As an advocate for improved thinking and better processes, I find it hard to admit I've run into at least one challenge that does not seem to be easily solved by the application of improved processes. Maybe this is the exception that proves the rule.
We are working on naming several new software applications we're building to improve idea management and innovation initiatives. So far the development of the software has been relatively straightforward. You build a schedule, write the code, test the code, revise based on some new requirements. Generally speaking, you can plan this stuff out. Of course there are some slips and changes to the schedule, but for the most part you can plan and dictate the course of action and the timeframe.
What do you do when the right answer is one that you'll know when you see it (or hear it), but there's not necessarily a "right" approach? To generate names, we used brainstorming to create a long list of names, we used product naming guides, we've even brought in a friendly consultant to help. What's interesting to me, as someone who is used to developing a plan and having several defined phases and steps, is that a product name is not something that just automatically pops out of the process. And the ones that do pop out may not be acceptable. This process involves some fiction and some poetry moreso than process and engineering.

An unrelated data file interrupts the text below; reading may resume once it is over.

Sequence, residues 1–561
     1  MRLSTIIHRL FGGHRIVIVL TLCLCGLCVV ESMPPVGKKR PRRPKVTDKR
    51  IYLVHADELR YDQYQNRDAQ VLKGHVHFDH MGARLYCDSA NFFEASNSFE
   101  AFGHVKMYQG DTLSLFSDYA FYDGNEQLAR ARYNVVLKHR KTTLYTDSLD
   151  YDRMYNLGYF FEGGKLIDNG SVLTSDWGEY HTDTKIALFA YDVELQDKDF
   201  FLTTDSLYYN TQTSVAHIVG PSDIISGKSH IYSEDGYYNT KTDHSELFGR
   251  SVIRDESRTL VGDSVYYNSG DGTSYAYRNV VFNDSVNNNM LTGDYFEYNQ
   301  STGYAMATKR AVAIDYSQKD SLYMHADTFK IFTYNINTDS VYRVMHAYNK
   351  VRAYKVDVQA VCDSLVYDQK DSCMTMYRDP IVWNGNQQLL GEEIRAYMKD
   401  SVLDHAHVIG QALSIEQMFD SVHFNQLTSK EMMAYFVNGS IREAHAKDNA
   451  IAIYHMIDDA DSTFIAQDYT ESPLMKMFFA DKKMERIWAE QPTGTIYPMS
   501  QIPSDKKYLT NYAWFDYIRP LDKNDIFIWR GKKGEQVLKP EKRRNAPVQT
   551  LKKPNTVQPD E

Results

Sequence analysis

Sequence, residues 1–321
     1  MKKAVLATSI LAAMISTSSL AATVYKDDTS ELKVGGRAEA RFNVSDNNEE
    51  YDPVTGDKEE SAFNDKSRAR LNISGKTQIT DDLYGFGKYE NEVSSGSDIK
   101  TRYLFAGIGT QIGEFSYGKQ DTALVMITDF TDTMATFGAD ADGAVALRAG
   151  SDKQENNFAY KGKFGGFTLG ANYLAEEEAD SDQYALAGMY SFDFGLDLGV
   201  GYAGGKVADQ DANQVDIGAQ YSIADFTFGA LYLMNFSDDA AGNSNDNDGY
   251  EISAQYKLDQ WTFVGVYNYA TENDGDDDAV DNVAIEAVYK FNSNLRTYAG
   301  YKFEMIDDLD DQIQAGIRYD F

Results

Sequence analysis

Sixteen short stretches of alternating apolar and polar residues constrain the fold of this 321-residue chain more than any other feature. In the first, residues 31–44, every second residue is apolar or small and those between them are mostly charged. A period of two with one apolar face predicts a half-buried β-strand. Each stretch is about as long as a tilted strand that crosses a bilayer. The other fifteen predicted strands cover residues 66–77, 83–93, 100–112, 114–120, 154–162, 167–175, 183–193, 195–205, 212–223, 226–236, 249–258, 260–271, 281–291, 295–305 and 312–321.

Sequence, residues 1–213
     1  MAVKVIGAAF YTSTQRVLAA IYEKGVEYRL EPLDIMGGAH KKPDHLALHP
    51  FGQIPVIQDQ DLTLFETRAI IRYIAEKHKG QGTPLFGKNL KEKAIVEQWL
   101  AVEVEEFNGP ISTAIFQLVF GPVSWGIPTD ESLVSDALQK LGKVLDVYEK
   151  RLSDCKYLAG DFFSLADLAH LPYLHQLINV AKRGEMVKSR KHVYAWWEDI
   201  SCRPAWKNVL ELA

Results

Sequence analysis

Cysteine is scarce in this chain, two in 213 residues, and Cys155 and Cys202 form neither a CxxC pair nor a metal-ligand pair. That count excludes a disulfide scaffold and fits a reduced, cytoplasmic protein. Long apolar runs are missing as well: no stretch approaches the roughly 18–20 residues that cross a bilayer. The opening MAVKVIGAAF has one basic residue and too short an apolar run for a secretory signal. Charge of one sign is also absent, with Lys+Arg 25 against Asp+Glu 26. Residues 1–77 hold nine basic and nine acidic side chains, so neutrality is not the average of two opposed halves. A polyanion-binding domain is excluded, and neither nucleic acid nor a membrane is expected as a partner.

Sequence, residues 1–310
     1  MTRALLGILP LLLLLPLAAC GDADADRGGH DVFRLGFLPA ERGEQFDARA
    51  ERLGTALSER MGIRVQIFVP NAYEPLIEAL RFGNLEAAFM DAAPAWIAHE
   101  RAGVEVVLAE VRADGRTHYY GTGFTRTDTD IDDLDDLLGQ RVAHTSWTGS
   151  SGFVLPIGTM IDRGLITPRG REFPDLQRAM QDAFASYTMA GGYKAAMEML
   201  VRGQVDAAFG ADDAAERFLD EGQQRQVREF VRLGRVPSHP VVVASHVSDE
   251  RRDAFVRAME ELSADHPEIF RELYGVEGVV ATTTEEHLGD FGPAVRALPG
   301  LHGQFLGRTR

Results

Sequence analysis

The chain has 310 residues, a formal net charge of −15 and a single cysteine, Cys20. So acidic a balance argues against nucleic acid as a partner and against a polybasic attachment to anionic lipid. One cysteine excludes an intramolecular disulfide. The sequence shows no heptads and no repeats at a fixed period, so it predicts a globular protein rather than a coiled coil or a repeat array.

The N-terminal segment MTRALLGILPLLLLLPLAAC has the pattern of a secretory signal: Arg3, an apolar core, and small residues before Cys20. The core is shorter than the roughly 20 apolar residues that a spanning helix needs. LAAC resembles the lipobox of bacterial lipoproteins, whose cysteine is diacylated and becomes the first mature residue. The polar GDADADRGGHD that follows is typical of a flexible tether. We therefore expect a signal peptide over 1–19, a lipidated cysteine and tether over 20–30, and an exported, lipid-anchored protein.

Don't get me wrong - we're close to the right name. We found a product naming guide from Igor to be invaluable in the process. It really helped us think outside our traditional boundaries and consider the name from several (functional, evocative, experiential) points of view. Knowing what I know now, I would start with their framework from the get go.
I guess the point is that there are frameworks and processes available for almost any kind of task or activity, even those that may not have a final, single "right" answer. One thing you've got to do is find the right process or framework to use to address the situation that you face, and be willing to change or adapt your processes or bring in experts when the problem lies outside your field of expertise.